Nguyen, C. T.

A. Sipahigil, R. E. Evans, D. D. Sukachev, M. J. Burek, J. Borregaard, M. K. Bhaskar, C. T. Nguyen, J. L. Pacheco, H. A. Atikian, C. Meuwly, R. M. Camacho, F. Jelezko, E. Bielejec, H. Park, M. Lončar, and M. D. Lukin, “An integrated diamond nanophotonics platform for quantum-optical networks,” Science 354, 847–850 (2016).
[Crossref]

Nishioka, M.

C. Weisbuch, M. Nishioka, A. Ishikawa, and Y. Arakawa, “Observation of the coupled exciton-photon mode splitting in a semiconductor quantum microcavity,” Phys. Rev. Lett. 69, 3314–3317 (1992).
[Crossref]

Novotny, L.

L. Novotny and N. van Hulst, “Antennas for light,” Nat. Photonics 5, 83–90 (2011).
[Crossref]

L. Novotny and B. Hecht, Principles of Nano-Optics, 2nd ed. (Cambridge University, 2012).

L. Novotny and B. Hecht, “Dipole-dipole interactions and energy transfer,” in Principles of Nano-Optics, 2nd ed. (Cambridge University, 2012), pp. 256–264. See Eqs. (8.159) and (8.160) for the expression of the energy transfer rate.

Olaya-Castro, A.

G. D. Scholes, G. R. Fleming, A. Olaya-Castro, and R. van Grondelle, “Lessons from nature about solar light harvesting,” Nat. Chem. 3, 763–774 (2011).
[Crossref]

Pacheco, J. L.

A. Sipahigil, R. E. Evans, D. D. Sukachev, M. J. Burek, J. Borregaard, M. K. Bhaskar, C. T. Nguyen, J. L. Pacheco, H. A. Atikian, C. Meuwly, R. M. Camacho, F. Jelezko, E. Bielejec, H. Park, M. Lončar, and M. D. Lukin, “An integrated diamond nanophotonics platform for quantum-optical networks,” Science 354, 847–850 (2016).
[Crossref]

Park, H.

A. Sipahigil, R. E. Evans, D. D. Sukachev, M. J. Burek, J. Borregaard, M. K. Bhaskar, C. T. Nguyen, J. L. Pacheco, H. A. Atikian, C. Meuwly, R. M. Camacho, F. Jelezko, E. Bielejec, H. Park, M. Lončar, and M. D. Lukin, “An integrated diamond nanophotonics platform for quantum-optical networks,” Science 354, 847–850 (2016).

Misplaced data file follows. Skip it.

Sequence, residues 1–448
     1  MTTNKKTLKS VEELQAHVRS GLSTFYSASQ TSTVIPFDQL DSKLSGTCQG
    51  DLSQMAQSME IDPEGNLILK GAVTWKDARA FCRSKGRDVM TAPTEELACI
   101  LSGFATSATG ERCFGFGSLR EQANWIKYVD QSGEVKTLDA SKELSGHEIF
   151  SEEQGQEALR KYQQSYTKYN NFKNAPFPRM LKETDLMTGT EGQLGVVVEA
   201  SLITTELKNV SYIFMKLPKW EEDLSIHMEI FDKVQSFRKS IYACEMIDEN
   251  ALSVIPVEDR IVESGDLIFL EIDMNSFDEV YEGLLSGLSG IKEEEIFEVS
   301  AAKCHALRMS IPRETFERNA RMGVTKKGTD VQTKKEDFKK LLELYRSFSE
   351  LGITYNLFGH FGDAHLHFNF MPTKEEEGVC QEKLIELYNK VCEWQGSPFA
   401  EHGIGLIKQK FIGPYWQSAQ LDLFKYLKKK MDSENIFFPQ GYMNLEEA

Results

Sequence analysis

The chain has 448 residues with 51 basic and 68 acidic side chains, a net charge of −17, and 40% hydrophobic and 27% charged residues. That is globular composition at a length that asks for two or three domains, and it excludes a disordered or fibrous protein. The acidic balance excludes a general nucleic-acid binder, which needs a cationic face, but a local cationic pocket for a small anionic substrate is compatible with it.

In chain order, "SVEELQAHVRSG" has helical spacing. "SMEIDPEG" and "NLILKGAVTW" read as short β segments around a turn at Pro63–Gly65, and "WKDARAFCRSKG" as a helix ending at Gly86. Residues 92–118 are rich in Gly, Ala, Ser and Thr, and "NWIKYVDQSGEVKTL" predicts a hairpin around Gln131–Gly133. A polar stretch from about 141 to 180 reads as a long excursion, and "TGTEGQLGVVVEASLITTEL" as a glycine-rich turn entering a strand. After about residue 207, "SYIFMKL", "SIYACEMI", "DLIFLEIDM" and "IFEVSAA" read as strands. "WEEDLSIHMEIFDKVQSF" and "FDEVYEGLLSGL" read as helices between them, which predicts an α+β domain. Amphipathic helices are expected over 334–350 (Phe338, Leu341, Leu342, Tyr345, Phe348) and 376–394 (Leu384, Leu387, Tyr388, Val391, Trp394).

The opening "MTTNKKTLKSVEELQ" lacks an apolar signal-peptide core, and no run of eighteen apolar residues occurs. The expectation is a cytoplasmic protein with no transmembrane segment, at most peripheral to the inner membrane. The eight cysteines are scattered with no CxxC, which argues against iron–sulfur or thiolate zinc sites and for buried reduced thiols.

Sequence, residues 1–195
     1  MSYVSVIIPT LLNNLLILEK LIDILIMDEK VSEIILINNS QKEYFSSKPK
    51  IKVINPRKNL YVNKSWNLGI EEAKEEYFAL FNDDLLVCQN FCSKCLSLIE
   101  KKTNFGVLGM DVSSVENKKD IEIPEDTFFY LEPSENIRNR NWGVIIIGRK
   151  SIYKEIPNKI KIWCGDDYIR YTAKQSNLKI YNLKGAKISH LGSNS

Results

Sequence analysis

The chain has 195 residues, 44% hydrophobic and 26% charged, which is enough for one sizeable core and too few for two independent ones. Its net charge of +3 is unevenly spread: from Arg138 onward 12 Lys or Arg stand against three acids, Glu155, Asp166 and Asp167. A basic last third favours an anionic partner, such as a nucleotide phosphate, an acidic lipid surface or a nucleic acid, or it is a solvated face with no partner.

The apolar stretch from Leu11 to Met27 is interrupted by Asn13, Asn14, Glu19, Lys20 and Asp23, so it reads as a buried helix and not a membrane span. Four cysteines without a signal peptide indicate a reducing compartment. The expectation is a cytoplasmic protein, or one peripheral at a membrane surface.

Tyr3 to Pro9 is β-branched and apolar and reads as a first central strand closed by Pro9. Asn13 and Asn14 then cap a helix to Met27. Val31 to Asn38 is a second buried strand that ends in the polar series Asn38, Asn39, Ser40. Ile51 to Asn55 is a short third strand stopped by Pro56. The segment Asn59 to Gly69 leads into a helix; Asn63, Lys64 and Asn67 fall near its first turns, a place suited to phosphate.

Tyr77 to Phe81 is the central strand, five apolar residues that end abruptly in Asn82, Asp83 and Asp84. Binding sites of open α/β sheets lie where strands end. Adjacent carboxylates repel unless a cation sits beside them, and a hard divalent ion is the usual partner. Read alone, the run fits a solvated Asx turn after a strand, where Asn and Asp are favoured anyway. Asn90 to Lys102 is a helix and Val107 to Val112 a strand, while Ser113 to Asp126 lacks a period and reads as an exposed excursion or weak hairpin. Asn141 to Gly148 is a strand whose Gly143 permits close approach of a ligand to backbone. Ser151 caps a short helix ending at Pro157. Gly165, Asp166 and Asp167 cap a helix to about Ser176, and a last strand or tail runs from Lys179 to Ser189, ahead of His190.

[Crossref]

Peragut, F.

R. Carminati, A. Cazé, D. Cao, F. Peragut, V. Krachmalnicoff, R. Pierrat, and Y. De Wilde, “Electromagnetic density of states in complex plasmonic systems,” Surf. Sci. Rep. 70, 1–41 (2015).
[Crossref]

Pierrat, R.

R. Carminati, A. Cazé, D. Cao, F. Peragut, V. Krachmalnicoff, R. Pierrat, and Y. De Wilde, “Electromagnetic density of states in complex plasmonic systems,” Surf. Sci. Rep. 70, 1–41 (2015).
[Crossref]

Polman, A.

A. F. Koenderink, A. Alù, and A. Polman, “Nanophotonics: shrinking light-based technology,” Science 348, 516–521 (2015).
[Crossref]

Purcell, E.

E. Purcell, “Spontaneous emission probabilities at radio frequencies,” Phys. Rev. 69, 681 (1946).

Raimond, J.-M.

S. Haroche and J.-M. Raimond, Exploring the Quantum: Atoms, Cavities, and Photons (Oxford University, 2013).

Rosta, E.

R. Chikkaraddy, B. de Nijs, F. Benz, S. J. Barrow, O. A. Scherman, E. Rosta, A. Demetriadou, P. Fox, O. Hess, and J. J. Baumberg, “Single-molecule strong coupling at room temperature in plasmonic nanocavities,” Nature 535, 127–130 (2016).
[Crossref]

Rupper, G.

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Figures (6)

Fig. 1.
Fig. 1. Jablonski diagram of a three-level system. For Γ b c = 0 , the system reduced to the model of a two-level atom. For Γ b c Γ b a , the three-level system is the simplest relevant model of a fluorescent molecule. In this case, Γ b c corresponds to a fast non-radiative decay towards state | c , and Γ c a corresponds to the radiative transition.
Fig. 2.
Fig. 2. Representation of the two scattering processes involved in the electrodynamic interaction between a dipole emitter and a structured environment.
Fig. 3.
Fig. 3. (a) Evolution of the eigenfrequencies of the coupled system in the complex plane when increasing the Purcell factor F m of the cavity. (b) Normalized frequency shift of the two eigenmodes versus the Purcell factor F m . Error bars represent intervals bounded by ω p ± γ p / 2 .
Fig. 4.
Fig. 4. (a) Evolution of the eigenfrequencies in the complex plane when decreasing the distance d between the emitters in free space. (b) Normalized frequency shift of the two eigenmodes versus the distance d . Error bars represent intervals bounded by ω p ± γ p / 2 .
Fig. 5.
Fig. 5. Solid line: normalized modification in the donor linewidth due to the presence of the acceptor Γ inter / Γ 1 versus the distance d between donor and acceptor. Dashed line: normalized energy transfer rate Γ e t / Γ 1 calculated using expression (55).